Need a book? Engineering books recommendations...

Return to index: [Subject] [Thread] [Date] [Author]

RE: rigid diaphragm chord forces?

[Subject Prev][Subject Next][Thread Prev][Thread Next]
Sounds like you have it correct with one point to add. You assume a
flexible diaphragm, but you need to prove this by calculating the
diaphragm deflection. If the wall mass is high - such as in a concrete
tilt-up or Masonry building, then the roof may calculate as a flexible
diaphragm, but to make a light-frame diaphragm into a flexible one, you
will need to encroach on the 4:1 aspect ratio of the diaphragm to force
excessive deflection - at the risk of trying to tie the perimeter (at
least on two sides) with shearwalls. 
Not only are you required (in seismic zone 3 and 4 that I know of) to
check for flexible diaphragm, you are required to do so by comparing
wind and seismic in each orthogonal direction and then using the worst
case condition. Beyond this, you are required to compare the results in
each line of shear with that of the rigid analysis.
What the code does not tell you is that is up to your professional
judgment as to how you distribute the shear from flexible (wind and
seismic) along with the results of the rigid analysis.
You should consider the ICBC Seismic design Manuals - Volume 1 through 3
with Volume 2 as the most important in my opinion.
Check these out and I think you will find your answers.

Dennis S. Wish, PE

-----Original Message-----
From: dadie(--nospam--at)sbcglobal.net [mailto:dadie(--nospam--at)sbcglobal.net] 
Sent: Tuesday, August 26, 2003 9:28 PM
To: seaint(--nospam--at)seaint.org
Subject: rigid diaphragm chord forces?


in flexible diaphragm design, i can see the deep beam analogy and the
resulting chord forces

however, in rigid diaphragm design, i thought the whole point was that
the diaphragm (concrete slab over metal deck) was assumed rigid, has a
center of mass, has a center of rigidity and is controlled by rotation.
this rotation transmits forces to the lateral resisting elements below
based on their relative rigidities in shear only.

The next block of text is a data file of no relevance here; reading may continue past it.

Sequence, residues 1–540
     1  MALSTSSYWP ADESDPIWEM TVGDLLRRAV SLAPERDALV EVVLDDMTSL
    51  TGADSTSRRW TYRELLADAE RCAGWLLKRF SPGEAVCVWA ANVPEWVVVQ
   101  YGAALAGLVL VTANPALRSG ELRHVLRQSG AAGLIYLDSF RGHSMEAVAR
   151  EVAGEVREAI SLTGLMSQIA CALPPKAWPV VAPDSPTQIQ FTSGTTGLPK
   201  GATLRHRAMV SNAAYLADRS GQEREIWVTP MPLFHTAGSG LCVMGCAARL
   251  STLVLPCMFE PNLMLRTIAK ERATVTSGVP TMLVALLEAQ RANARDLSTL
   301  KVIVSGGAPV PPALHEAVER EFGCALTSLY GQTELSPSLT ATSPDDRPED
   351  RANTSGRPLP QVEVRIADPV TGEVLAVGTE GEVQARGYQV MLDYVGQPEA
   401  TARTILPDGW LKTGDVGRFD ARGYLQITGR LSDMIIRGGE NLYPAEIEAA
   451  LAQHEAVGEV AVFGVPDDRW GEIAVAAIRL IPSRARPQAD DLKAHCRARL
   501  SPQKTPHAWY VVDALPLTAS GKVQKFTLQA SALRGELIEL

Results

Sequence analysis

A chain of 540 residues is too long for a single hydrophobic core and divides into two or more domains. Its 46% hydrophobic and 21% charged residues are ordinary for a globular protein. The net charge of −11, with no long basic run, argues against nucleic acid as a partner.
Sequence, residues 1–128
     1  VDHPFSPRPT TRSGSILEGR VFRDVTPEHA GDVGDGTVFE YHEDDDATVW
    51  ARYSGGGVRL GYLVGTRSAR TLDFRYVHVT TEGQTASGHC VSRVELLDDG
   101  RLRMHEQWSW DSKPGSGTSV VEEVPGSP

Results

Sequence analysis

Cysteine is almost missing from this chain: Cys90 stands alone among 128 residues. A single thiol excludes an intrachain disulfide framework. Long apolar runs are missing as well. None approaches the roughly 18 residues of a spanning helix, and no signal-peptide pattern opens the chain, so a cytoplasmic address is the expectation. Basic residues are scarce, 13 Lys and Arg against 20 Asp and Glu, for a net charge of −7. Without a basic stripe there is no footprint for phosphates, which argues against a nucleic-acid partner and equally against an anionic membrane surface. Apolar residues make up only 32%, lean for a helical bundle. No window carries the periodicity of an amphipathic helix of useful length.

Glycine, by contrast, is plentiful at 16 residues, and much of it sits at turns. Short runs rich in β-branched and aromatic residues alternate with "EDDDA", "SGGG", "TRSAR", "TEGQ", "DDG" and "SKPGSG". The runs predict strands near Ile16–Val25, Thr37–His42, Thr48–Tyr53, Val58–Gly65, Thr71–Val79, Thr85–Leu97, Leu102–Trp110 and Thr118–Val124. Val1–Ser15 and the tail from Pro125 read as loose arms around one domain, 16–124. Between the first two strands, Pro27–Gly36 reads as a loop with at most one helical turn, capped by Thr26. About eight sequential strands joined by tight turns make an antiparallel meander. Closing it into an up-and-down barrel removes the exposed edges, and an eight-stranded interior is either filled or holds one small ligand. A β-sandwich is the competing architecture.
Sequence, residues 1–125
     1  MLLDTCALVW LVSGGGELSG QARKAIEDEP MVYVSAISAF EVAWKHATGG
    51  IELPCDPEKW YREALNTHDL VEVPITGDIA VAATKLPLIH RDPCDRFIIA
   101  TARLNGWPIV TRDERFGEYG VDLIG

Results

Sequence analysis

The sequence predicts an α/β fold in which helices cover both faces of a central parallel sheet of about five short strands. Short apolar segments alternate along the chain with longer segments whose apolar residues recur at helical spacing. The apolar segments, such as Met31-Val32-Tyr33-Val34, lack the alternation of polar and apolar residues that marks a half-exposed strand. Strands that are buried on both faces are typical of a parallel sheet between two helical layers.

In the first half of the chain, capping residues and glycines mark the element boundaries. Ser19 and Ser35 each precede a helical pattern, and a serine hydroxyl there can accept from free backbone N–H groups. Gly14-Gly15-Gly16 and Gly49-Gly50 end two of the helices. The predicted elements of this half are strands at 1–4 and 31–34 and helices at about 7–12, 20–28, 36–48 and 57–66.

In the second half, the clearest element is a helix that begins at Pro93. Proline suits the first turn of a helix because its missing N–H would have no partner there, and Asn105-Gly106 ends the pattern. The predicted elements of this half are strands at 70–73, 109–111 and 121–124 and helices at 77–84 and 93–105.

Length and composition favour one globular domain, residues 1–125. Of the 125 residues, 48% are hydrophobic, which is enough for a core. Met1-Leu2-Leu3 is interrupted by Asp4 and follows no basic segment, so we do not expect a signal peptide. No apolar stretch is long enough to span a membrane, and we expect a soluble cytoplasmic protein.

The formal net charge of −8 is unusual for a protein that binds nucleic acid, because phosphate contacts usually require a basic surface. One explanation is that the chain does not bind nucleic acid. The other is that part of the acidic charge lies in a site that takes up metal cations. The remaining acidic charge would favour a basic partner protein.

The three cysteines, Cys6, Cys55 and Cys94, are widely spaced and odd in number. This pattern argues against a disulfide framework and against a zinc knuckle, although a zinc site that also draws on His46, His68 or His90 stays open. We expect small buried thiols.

have i missed the point here?  if i did can you provide a design
reference / document that shows how rigid diaphragms develop chord
forces?

tia
da


******* ****** ******* ******** ******* ******* ******* ***
*   Read list FAQ at: http://www.seaint.org/list_FAQ.asp
* 
*   This email was sent to you via Structural Engineers 
*   Association of Southern California (SEAOSC) server. To 
*   subscribe (no fee) or UnSubscribe, please go to:
*
*   http://www.seaint.org/sealist1.asp
*
*   Questions to seaint-ad(--nospam--at)seaint.org. Remember, any email you 
*   send to the list is public domain and may be re-posted 
*   without your permission. Make sure you visit our web 
*   site at: http://www.seaint.org 
******* ****** ****** ****** ******* ****** ****** ******** 


******* ****** ******* ******** ******* ******* ******* ***
*   Read list FAQ at: http://www.seaint.org/list_FAQ.asp
* 
*   This email was sent to you via Structural Engineers 
*   Association of Southern California (SEAOSC) server. To 
*   subscribe (no fee) or UnSubscribe, please go to:
*
*   http://www.seaint.org/sealist1.asp
*
*   Questions to seaint-ad(--nospam--at)seaint.org. Remember, any email you 
*   send to the list is public domain and may be re-posted 
*   without your permission. Make sure you visit our web 
*   site at: http://www.seaint.org 
******* ****** ****** ****** ******* ****** ****** ********